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Israeli justice minister: Hire Palestinians to replace African 'infiltrators'

Justice Minister Ayelet Shaked wants Donald Trump to implement a pledge to move the US embassy to Jerusalem
Gali Tibbon (AFP/File)

Israeli Justice Minister Ayelet Shaked asserted on Monday that Palestinians living in the West Bank should be able to work easily in Israel where they could replace African migrants in the workforce.

Speaking at the annual international conference held by the International Institute for Counter-Terrorism held in Israel’s coastal city of Herzliya, Shaked affirmed that Palestinians from the West Bank should be commuting daily to take part in Israel’s labor force and be employed in Israeli businesses, which would contribute to coexistence between the two sides and help improve the Palestinian economy.

“It should take an hour for a person living in Jenin,” Shaked said, referring to the West Bank city, “to get to (the central Israeli town) of Kfar Saba.”

The justice minister said that the checkpoints Palestinians have to cross in order to enter Israel should be improved.

Speaking to a crowd of academics, counter-terrorism experts and students from across the world, Shaked referred to the ongoing crisis involving migrants from Eritrea and Sudan, which some maintain are entering Israel as economic migrants, with others saying they are refugees.

"Take Palestinians with work permits instead of Eritrean and Sudanese infiltrators," was Shaked's advice.

Shaked went on to claim that if Israel hadn’t constructed a wall and created legislation to prevent migrant workers from crossing into Israel from Egypt, millions of Africans would have crossed the border to find employment in Israel.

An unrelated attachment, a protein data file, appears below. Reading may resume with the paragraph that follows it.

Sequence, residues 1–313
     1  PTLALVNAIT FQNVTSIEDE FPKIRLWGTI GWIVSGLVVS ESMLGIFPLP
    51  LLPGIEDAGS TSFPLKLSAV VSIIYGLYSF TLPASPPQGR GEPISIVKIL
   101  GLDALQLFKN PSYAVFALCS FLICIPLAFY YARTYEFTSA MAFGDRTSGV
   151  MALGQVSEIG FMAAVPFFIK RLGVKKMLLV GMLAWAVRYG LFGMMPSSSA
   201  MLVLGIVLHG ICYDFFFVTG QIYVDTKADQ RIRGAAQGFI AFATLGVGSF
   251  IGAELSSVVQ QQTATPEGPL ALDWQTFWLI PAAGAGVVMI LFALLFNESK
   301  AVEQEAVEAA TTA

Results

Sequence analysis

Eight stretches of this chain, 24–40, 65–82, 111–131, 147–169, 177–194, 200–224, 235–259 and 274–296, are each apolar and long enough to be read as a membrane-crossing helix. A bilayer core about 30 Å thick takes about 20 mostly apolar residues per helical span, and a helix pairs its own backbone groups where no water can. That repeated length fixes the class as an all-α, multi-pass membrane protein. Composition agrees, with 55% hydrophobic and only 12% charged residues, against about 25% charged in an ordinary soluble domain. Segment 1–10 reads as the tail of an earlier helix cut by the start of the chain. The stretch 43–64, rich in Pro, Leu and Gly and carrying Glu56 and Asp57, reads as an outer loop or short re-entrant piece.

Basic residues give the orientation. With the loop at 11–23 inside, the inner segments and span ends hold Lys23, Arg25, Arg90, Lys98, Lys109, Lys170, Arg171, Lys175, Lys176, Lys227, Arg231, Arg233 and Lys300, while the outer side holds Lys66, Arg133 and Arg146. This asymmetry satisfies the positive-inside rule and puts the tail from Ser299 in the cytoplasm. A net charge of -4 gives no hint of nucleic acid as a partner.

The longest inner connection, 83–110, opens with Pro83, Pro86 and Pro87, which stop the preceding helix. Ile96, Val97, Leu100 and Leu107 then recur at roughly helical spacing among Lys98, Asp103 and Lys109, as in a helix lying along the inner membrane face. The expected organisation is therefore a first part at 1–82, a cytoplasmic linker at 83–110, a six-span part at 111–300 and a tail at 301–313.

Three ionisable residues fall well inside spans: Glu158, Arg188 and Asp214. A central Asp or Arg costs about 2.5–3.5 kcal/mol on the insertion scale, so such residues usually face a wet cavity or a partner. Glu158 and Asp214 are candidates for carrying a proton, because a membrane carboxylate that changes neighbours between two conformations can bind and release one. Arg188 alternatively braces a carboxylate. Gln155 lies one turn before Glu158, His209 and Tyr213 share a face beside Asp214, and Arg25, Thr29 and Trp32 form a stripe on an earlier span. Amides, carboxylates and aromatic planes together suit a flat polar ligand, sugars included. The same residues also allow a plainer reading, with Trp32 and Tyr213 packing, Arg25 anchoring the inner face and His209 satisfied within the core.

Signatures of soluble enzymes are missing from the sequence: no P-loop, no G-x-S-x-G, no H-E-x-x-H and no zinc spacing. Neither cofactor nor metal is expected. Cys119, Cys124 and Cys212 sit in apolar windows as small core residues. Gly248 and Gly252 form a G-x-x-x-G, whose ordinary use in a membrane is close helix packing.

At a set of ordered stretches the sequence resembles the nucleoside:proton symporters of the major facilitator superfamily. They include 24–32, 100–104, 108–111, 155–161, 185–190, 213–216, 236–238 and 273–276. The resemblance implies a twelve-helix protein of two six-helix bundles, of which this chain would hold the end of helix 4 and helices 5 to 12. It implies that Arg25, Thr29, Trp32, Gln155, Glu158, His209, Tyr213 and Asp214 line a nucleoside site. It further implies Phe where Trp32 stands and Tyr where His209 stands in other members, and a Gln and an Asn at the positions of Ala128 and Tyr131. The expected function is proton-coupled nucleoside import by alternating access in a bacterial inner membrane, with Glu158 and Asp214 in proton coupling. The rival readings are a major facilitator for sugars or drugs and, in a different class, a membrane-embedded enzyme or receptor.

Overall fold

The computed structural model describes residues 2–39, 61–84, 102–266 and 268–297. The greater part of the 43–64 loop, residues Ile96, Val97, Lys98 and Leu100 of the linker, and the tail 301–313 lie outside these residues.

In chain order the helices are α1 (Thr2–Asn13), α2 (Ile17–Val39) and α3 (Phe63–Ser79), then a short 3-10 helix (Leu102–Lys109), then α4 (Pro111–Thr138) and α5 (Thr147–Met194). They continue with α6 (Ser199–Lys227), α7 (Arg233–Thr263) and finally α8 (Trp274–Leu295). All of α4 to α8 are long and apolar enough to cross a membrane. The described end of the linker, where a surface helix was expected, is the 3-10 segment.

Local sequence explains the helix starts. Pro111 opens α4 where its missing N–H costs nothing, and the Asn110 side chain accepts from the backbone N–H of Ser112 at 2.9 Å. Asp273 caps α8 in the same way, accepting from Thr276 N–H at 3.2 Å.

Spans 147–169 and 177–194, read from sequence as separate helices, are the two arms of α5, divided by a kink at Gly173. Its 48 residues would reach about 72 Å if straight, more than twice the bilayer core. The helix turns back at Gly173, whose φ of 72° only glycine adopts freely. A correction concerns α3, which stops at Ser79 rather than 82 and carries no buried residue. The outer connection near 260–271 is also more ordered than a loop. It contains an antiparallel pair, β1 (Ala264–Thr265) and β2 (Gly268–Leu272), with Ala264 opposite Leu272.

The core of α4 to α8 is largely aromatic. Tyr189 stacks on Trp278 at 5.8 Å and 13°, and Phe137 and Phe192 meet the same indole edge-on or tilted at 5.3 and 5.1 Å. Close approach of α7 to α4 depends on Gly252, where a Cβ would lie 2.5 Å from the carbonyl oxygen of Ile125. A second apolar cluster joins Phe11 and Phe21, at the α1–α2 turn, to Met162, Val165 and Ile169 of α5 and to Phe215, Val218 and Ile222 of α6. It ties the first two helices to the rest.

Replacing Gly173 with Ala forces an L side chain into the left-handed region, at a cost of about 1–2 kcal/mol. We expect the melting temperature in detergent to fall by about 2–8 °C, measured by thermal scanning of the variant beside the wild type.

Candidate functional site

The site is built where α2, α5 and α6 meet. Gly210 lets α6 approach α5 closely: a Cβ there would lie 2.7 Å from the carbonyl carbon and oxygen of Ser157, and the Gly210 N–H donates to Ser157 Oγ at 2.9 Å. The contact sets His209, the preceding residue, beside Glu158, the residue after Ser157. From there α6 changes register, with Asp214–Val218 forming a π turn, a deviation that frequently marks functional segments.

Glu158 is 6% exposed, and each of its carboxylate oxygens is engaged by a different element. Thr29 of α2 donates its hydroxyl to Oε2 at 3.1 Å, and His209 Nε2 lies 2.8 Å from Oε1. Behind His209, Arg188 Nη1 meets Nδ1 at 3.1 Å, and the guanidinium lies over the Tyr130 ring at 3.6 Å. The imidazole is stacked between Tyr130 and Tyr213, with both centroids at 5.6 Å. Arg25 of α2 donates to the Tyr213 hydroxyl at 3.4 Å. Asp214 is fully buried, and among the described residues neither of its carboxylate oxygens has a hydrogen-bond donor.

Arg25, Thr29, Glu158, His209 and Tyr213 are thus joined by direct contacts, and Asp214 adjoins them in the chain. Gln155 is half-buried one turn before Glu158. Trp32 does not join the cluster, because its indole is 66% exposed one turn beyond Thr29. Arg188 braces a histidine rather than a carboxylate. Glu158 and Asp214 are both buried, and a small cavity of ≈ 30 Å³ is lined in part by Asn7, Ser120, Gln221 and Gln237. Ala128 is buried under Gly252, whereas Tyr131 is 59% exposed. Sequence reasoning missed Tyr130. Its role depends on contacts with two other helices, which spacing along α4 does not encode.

The international community should also help the Palestinian economy advance and develop, according to Shaked, as economic development could be the key to preventing future acts of terror.

The justice minister said Israel’s terrorism legislation, which took seven years for the Israeli parliament to develop, is a model for how to combat terror all over the world and is being emulated by other states.

“I hand a hard copy and a digital copy to every justice minister I meet,” she said, explaining a hope that Israel will lead to the world in striking the equilibrium between protecting civilian rights and combating terror.

“It’s about finding the balance,” she said.

The justice minister praised Israel’s education minister, Naftali Bennett, for the projects he has implemented in educating youth in East Jerusalem and trying to ensure inciting material is removed from the Arab-Israeli curriculum but explained that, sadly, Israel has no control over the Palestinian Authority’s actions on the matter.

“The international community should pressure the Palestinian Authority to remove inciting material from its education system,” she stated.

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